"November 13, 1780 -- Christian Schrack, who was buried yesterday was a son of John Jacob Schrack, who came to this country in 1717 . . . They built a cabin and a cave in which they cooked. They kept a small shop in a small way and a tavern with beer with and such things. As once an English inhabitant, who had been drinking in the cave, fell asleep, and came home late, and was in consequence scolded by his wife, he excused himself by saying he had been at the Trap. From that time this neighborhood is called Trapp, and is known as such in all America."

That this is the true origin of the name seems the more probable for several reasons,-

  1. Muhlenberg lived right in the vicinity from 1745, and no man had better facilities for knowing. He speaks without doubt.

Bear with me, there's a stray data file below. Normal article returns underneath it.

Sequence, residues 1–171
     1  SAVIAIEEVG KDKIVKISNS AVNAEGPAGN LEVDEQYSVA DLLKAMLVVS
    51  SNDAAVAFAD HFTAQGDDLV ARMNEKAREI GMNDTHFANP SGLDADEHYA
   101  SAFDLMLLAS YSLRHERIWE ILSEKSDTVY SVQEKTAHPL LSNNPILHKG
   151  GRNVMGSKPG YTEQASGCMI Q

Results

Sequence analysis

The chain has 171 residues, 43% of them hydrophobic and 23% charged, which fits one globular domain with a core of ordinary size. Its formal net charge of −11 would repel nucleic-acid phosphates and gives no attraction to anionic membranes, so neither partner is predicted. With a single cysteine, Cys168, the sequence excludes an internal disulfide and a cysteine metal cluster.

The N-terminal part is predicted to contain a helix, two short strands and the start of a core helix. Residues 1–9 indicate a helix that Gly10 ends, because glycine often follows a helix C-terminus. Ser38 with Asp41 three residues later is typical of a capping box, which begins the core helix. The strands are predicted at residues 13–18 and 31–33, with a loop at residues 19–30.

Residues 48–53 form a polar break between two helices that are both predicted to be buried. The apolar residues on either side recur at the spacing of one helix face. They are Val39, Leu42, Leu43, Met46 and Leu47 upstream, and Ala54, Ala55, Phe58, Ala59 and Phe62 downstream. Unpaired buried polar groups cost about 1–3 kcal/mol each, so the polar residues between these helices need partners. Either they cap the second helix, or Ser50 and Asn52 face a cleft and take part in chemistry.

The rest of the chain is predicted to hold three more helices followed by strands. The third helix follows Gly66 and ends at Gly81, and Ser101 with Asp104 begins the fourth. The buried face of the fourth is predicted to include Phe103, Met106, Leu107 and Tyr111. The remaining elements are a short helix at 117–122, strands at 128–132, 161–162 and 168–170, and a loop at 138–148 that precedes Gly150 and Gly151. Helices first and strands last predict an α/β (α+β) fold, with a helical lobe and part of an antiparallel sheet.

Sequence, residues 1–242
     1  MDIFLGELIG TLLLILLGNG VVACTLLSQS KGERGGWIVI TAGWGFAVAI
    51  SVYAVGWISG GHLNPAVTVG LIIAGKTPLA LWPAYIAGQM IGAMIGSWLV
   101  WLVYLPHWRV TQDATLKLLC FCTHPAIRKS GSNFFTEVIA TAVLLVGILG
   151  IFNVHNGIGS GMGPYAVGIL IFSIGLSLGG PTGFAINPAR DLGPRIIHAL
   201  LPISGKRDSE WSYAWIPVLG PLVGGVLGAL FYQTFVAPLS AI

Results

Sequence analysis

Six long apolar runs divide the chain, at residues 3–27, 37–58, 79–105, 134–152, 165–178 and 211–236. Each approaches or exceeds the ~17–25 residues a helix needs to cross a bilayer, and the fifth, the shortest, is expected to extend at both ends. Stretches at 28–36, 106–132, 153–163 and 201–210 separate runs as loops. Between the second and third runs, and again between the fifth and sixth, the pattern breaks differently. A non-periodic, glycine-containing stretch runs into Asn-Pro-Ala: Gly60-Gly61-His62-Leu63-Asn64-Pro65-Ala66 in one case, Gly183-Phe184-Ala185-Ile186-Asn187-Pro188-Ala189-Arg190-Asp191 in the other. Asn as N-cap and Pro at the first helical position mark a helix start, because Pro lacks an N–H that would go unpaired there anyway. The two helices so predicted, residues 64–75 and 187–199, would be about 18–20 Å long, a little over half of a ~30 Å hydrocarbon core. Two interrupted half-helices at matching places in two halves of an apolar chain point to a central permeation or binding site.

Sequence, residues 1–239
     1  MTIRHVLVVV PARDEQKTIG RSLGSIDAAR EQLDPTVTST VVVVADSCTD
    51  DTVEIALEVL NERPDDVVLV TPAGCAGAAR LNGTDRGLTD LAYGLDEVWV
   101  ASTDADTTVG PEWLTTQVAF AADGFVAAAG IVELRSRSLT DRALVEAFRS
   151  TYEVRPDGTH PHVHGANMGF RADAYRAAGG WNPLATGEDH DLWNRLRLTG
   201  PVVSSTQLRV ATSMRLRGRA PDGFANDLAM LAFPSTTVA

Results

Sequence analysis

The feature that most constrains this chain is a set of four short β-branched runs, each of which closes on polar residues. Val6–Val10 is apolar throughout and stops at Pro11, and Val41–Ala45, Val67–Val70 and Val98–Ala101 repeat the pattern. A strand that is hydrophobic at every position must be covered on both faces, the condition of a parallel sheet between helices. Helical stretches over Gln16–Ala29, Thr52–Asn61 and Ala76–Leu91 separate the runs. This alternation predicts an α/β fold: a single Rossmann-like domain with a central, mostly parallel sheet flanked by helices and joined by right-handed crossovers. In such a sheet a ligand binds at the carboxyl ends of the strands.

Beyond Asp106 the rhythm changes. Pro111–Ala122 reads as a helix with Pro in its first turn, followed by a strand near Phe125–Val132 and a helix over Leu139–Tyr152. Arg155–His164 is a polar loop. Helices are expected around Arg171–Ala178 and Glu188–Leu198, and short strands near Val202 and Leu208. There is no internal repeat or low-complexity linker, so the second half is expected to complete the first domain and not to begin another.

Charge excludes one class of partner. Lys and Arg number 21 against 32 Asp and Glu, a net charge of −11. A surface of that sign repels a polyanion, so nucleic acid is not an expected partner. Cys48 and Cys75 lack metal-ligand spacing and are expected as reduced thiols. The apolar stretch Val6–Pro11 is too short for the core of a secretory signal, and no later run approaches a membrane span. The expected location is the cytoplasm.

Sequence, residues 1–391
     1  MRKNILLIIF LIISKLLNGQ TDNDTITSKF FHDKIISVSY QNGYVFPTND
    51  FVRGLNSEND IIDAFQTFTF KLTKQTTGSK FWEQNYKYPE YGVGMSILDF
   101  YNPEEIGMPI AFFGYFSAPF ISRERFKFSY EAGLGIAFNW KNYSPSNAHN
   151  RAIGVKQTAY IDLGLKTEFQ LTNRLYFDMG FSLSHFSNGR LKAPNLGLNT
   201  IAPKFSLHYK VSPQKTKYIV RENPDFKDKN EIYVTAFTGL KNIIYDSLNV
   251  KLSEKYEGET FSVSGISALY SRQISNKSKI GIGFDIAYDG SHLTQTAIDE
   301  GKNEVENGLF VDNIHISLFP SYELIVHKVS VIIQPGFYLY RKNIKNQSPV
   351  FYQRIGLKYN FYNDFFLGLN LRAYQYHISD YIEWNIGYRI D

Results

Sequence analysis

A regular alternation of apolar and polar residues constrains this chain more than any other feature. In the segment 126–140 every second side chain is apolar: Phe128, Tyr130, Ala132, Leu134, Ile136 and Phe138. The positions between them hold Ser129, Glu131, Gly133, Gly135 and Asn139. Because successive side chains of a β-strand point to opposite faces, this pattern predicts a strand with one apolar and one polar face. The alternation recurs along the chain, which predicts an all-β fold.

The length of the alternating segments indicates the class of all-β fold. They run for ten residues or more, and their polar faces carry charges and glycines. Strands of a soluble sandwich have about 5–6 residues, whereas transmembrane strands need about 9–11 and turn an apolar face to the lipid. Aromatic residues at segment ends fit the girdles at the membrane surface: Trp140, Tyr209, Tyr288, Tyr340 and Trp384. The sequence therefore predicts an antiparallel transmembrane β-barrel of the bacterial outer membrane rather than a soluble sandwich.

2. In the oldest deeds, advertisements and papers the name of the place is spelled Trap afterwards, for many years, Trapp and Trap. Very few papers of the last centuries are spelled Trappe.
  3. In 1760, John Schrack, son of John Jacob Schrack above spoken of, advertises the hotel in Sower's newspaper, and calls it "Trapp" Hotel.
  4. On Howell's map, 1792, it is called "Trapp."
  5. The post-office, when established in 1819, was by the name of Trap.
  6. The first hotel licensed by the court of Montgomery County, in 1784, was this same hotel. The record roads "License granted to George Brook, 'The Trap' hotel, Providence township," and was granted for many years under the same name.

Thus the change is gradual, but marked,--T-r-a-p, T-r-a-p-p, T-r-a-p-p-e.

The "Shunk theory," so called from being advocated by Governor Shunk, was to the effect that at this Schrack's tavern there were very high steps leading to the front door. As a poor fellow, the worse for drink, went headlong down the steps, he exclaimed, "Verdaint die Treppe!" and from this event the hotel received its name, "Treppe" being the German word for steps.